We realize we may be slightly biased, but we are huge fans of European train travel. In fact, we would go so far as to say that train travel is, by far, the most enjoyable and efficient way to travel through Europe! We are so confident in this belief that we’ve created this handy infographic that breaks down a few basic facts about train travel and even compares its efficiency against that of air travel and car transport.
After you scroll through the infographic, read on for more information and useful tips related to the information we’ve included in the graphic.
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1. Trains save you time when traveling between destinations.
Trains generally arrive in and depart from the city center, whereas airports are often located outside the city. With air travel, you need to factor in the time it takes to get to the airport, and then the time it will take you to check in and make it through security. Train stations aren’t located in the middle of nowhere, and trains don’t have check-in times (with the exception of Eurostar and certain night trains), so you only need to be there 15 or so minutes early!
2. Trains are environmentally friendly.
High-speed trains are 3x more energy efficient than regional trains, and even the slowest train is 20% more efficient than a car.
3. Traveling by train is how the locals travel.
Train travel in Europe is the norm precisely because it’s so cost effective, quick, and convenient. If you want an authentic travel experience, do as the Europeans do and travel by train!
4. Train travel can save you money on a hotel room.
Overnight trains are available for many destinations that are about a 10 hour ride away from each other. Overnight trains offer several different types of accommodations to fit any budget and preference: reclining seats, couchettes (smaller sleeping compartments), and double or single occupant sleeping compartments. The type of accommodations offered per train varies per train company and per country, but generally they will all include some version of each option listed here.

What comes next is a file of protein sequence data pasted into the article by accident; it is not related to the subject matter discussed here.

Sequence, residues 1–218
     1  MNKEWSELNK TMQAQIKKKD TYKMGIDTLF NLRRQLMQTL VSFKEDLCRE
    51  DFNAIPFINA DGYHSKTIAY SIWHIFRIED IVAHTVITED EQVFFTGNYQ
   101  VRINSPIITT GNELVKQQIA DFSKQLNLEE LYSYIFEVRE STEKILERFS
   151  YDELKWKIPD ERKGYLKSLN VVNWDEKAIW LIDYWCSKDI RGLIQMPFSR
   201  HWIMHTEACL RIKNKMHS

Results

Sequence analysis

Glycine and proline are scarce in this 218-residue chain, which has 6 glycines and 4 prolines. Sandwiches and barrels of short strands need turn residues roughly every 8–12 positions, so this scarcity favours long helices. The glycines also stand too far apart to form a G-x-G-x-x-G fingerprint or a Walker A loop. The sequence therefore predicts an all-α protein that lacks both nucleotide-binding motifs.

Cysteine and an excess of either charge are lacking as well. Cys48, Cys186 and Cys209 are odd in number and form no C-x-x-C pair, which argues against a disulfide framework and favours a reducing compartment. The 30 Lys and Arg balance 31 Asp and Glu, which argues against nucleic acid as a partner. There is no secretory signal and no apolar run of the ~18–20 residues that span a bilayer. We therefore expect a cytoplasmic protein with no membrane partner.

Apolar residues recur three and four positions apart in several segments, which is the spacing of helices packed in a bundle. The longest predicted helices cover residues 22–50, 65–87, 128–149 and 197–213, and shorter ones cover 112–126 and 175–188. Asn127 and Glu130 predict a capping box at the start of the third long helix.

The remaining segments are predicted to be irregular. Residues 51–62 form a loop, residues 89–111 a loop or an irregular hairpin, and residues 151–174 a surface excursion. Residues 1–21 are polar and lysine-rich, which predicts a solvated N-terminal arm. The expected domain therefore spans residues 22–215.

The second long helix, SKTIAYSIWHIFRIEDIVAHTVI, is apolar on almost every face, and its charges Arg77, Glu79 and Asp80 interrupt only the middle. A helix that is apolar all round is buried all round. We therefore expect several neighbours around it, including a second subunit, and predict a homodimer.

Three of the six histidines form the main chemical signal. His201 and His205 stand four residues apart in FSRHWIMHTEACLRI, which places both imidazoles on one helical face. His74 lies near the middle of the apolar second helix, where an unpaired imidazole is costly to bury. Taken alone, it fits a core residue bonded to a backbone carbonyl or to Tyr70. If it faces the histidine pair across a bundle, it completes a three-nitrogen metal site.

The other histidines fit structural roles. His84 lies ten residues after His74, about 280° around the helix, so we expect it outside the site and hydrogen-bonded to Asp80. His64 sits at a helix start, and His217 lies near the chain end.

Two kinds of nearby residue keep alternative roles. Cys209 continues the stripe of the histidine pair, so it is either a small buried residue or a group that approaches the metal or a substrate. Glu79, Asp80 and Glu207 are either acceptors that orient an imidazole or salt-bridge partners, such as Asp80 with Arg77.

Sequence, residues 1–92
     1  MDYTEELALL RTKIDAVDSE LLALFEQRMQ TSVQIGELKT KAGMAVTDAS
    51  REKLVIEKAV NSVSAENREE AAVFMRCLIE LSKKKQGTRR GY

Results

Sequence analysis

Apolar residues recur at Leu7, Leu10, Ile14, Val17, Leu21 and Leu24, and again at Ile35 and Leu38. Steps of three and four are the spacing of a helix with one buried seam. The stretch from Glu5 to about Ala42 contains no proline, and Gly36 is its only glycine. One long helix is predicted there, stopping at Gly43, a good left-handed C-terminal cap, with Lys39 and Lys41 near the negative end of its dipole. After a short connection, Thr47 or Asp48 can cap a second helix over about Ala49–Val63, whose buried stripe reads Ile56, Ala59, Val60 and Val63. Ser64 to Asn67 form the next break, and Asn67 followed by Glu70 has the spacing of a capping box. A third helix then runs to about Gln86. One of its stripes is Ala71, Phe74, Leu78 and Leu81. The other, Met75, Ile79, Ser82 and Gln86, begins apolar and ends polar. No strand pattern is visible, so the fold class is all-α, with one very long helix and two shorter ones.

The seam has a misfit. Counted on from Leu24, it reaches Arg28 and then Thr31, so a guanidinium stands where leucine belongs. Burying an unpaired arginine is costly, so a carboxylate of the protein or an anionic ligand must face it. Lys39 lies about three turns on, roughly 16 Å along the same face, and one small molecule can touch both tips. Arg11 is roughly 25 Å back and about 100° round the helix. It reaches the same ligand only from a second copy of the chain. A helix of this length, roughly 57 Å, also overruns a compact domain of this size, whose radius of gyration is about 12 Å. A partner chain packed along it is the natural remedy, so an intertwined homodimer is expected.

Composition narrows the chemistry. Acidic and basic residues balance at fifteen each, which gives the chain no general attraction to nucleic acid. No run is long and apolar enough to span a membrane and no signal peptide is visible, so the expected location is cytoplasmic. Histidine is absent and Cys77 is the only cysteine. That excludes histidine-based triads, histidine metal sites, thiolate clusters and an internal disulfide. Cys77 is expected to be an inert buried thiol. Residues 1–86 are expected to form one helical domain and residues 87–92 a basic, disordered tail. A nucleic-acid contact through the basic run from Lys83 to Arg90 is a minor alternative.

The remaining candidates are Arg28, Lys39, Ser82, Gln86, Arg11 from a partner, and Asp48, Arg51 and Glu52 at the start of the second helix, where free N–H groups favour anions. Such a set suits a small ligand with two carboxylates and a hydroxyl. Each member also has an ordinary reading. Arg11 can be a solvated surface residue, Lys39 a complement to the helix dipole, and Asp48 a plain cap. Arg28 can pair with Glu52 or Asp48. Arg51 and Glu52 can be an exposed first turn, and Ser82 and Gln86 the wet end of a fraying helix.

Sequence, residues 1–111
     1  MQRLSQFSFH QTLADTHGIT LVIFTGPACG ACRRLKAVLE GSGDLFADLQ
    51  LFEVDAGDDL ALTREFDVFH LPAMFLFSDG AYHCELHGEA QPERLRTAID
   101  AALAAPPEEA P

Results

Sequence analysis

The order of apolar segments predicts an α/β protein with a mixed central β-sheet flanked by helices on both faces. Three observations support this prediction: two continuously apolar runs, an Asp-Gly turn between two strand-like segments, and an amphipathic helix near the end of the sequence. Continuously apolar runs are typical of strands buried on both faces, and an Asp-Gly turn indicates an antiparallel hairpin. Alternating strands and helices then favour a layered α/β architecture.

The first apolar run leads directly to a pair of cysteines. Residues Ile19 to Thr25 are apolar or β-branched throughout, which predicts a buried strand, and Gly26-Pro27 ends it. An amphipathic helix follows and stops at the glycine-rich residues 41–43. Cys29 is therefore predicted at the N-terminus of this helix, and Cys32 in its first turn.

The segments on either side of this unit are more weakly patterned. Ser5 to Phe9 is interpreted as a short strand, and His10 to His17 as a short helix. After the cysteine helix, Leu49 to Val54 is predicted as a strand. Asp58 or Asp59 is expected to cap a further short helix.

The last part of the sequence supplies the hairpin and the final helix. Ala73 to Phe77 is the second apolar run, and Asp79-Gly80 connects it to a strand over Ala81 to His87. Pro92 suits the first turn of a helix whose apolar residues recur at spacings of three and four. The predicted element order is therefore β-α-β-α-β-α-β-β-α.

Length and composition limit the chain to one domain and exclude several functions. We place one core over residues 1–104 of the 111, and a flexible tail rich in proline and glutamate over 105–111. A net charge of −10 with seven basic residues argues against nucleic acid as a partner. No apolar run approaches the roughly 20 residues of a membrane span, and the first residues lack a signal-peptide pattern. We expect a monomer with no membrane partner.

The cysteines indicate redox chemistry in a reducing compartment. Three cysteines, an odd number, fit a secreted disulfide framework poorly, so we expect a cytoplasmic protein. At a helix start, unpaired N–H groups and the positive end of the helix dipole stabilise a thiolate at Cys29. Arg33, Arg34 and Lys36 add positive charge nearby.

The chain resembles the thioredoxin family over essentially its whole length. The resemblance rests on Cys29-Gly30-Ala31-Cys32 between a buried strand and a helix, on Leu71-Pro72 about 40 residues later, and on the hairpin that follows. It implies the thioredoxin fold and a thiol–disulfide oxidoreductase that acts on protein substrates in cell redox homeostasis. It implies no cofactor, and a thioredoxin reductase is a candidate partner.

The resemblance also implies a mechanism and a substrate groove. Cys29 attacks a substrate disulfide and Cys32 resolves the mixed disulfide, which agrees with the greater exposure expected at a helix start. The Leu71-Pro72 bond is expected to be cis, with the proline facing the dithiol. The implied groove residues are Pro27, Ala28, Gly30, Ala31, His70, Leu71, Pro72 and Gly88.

5. You can usually kiss those baggage fees goodbye.
It almost sounds too good to be true, but most trains don’t charge baggage fees! Of course, this is partially because you don’t check in your baggage on a train as you would on an airplane, so whatever you bring with you, you’ve got to carry. Luckily, there are baggage carts present to assist travelers who may be transporting a good deal of luggage. Occasionally fees will apply for bicycles or over-sized luggage.
If you are traveling in Switzerland, there are also convenient baggage services that will take care of your luggage for you (sometimes even before you arrive in Switzerland!).
The only time you may need to pay a baggage fee or check in luggage is for the Eurostar, Thalys, or a couple of other high-speed trains. If you want to check with us about the particular train you’re taking, say hello on Twitter at @raileurope or send us an e-mail at firstname.lastname@example.org.
6. Rail Passes can help make your travel easier and less expensive.